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Strong Signals For Melbourne Commercial Property According To Recent Report By CBRE

Despite ongoing volatility and uncertainty in the broader Australian economy, a flurry of recent transactions handled by CBRE Melbourne’s Commercial sales team is shaping as a lead indicator of buyer confidence amidst what is being described within the industry as the `Post COVID’ marketplace.

With a consistently held view from most property professionals acknowledging the growing uncertainty facing the commercial property sector, recent sales activity coming out of the Melbourne market are shedding a different perspective of where buyer sentiment currently sits according to State Director at CBRE, Josh Rutman.

“It is difficult to sugar coat it. As each day in mid-March passed, we were growing ever more concerned with what the potential impacts of COVID-19 was going to mean for our clients and subsequently our sales team.

“The period between March 11 and 22 was very quiet and it was difficult to get genuine buyer engagement for properties which we had listed and were instructed to sell on behalf of our clients,” Mr Rutman said.

According to a CBRE investment sales report just over $200m of commercial property has been transacted by its Melbourne-based team over the past nine weeks, making up just over a third of all reported transactions since the COVID-19 pandemic was declared on March 11.

The report confirms a range of different types of properties have changed hands including several significant assets. Among them are 355 Spencer Street - a heritage style commercial office building that sold to Sydney based Avari Capital Partners for $38.5 million, a Woolworths anchored neighbourhood shopping centre located in Keysborough South ($33.13m), a significant infill development site of 1.6ha in Glen Waverley ($23m), and a commercial office building in Frankston which is understood to have sold for around $20m.

According to Mr Rutman the report also points to the identity of several of the successful buyers being very well known players within the industry suggesting that not all buyers are in agreement as to what the near term future holds for the sector.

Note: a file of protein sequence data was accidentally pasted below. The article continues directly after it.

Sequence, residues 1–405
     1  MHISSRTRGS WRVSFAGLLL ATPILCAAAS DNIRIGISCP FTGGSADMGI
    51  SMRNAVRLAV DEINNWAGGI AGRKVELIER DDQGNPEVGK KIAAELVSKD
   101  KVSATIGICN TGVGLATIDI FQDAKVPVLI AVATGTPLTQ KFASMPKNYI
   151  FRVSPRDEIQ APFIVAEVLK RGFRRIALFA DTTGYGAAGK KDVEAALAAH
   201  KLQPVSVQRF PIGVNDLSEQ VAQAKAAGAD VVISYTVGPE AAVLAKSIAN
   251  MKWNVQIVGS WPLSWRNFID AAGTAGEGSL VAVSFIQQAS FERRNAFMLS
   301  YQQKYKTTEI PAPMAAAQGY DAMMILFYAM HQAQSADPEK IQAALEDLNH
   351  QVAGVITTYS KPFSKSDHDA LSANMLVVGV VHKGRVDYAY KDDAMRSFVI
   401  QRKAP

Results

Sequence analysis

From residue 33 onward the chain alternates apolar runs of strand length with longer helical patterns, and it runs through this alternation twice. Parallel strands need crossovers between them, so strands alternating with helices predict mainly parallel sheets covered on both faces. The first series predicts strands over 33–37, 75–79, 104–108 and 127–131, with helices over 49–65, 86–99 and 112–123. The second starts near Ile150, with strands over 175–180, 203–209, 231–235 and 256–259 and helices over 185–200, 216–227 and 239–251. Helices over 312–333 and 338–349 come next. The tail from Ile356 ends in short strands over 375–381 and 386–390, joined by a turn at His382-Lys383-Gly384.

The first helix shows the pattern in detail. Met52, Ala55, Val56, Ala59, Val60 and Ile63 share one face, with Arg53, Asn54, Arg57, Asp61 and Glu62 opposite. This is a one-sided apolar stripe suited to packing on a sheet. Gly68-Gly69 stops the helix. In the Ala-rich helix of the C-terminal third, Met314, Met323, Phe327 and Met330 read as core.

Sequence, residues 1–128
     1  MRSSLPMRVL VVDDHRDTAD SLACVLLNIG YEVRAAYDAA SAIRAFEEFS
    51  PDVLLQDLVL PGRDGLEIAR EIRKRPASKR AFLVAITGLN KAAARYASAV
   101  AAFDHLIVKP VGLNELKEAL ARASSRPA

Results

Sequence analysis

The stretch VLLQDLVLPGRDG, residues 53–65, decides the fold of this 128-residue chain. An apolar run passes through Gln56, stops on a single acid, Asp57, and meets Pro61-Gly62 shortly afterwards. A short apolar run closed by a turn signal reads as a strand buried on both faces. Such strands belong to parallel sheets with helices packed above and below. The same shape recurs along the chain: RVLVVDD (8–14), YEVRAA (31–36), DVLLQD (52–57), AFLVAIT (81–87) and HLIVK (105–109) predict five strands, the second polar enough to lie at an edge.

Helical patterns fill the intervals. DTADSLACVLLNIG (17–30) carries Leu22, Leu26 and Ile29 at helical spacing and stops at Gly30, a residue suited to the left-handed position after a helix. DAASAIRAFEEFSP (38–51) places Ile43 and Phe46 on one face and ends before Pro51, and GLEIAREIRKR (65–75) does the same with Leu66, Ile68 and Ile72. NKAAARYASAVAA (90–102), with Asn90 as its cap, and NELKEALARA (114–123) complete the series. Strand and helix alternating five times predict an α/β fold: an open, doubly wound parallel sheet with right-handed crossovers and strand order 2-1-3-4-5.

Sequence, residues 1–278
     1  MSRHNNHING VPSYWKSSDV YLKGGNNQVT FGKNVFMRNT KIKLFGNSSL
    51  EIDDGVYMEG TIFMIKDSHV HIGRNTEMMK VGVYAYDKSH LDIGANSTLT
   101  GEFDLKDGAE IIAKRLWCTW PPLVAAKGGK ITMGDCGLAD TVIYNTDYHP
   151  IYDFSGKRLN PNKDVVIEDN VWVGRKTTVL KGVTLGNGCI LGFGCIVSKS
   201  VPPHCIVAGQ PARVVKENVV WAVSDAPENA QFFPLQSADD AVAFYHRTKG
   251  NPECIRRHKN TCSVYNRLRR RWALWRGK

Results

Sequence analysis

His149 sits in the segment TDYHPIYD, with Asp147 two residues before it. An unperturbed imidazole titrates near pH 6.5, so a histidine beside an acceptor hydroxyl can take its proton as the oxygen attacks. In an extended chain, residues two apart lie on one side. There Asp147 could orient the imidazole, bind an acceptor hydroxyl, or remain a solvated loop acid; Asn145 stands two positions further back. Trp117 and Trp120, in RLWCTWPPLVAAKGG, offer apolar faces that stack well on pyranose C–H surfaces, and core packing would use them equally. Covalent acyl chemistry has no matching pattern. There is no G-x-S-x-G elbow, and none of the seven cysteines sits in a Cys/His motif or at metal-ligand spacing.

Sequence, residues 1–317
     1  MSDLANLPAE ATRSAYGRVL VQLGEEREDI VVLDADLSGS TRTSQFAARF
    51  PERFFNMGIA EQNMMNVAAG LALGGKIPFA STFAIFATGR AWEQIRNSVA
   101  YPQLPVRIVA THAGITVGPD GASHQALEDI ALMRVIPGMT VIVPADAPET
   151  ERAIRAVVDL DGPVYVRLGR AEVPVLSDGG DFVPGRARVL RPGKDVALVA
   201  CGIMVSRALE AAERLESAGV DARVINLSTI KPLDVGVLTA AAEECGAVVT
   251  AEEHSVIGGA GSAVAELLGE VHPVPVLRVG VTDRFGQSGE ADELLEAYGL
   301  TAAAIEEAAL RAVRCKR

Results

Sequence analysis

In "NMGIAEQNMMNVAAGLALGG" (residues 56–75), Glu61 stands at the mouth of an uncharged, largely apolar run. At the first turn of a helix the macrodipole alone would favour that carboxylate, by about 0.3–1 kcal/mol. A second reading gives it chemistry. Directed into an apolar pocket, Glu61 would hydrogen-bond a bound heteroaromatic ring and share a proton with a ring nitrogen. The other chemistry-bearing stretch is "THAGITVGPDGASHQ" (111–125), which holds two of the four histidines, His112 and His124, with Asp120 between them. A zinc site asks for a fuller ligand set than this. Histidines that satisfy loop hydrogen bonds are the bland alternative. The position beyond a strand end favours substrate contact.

“We have been really pleased to see some of our regular customers make strategic acquisitions over the past nine weeks and it certainly puts somewhat of a spring in our step to know that several of the deals we have concluded have been to wellknown players in both the investment and development spheres.

According to the report, commercial office buildings have made up just over a third of all transactions to date, with a mix of vacant and well leased assets changing hands since March 11. It is understood that investors are actively seeking well located buildings in anticipation of a new approach to decentralised working by office users, which could see several metropolitan assets come back into vogue.

“There has been a good spread of these larger transactions, however what has been more surprising is the positive sentiment in the sub $15 million market, with just over 75% of all of sales being within this price bracket,” Mr Rutman said.

A trend within the report in relation to the sub $15 million transactions shows a groundswell of buyer interest in strip retail investment properties across Melbourne including recent sales in Clarendon Street, South Melbourne, Glen Huntly Road, Elsternwick, and Victoria Avenue in Albert Park.

Head of Strip Retail Investments for CBRE, Rorey James said “Investor confidence in strip retail is shining through at present. In speaking with these buyers, they point to what they believe will be a renewed level of trade as people show a propensity to shop closer to where they live in open-air streets where they can more safely congregate.

“They are also of the view that many locally based businesses within Melbourne’s strips could benefit from customers spending more of their discretionary income locally given many, for example, won’t be able to consider overseas holidays for some time,” Mr James said.

The third most traded asset class according to the report is development sites, which despite several headwinds for median house price growth, continue to trade at a steady rate.

The predominant site sales have been those that accommodate townhouses in inner and middle ring suburbs, as well as longer term landbanks that will service a growing need for residential accommodation in the coming years.

Mr Rutman said “Developers are taking a very strategic approach to acquiring the right landholdings to either deliver product that will still be in high demand now, or position themselves for the next cycle during which we expect to see a significant undersupply of quality dwellings for Victorians due to the huge fall in housing starts and approvals”

Mr Rutman concluded “For Melbourne in particular, we are going to be the most populous city in Australia, have a more diverse white collar industry base and a better connected transport network which many believe will see our market remain more resilient than other capital cities around Australia.”

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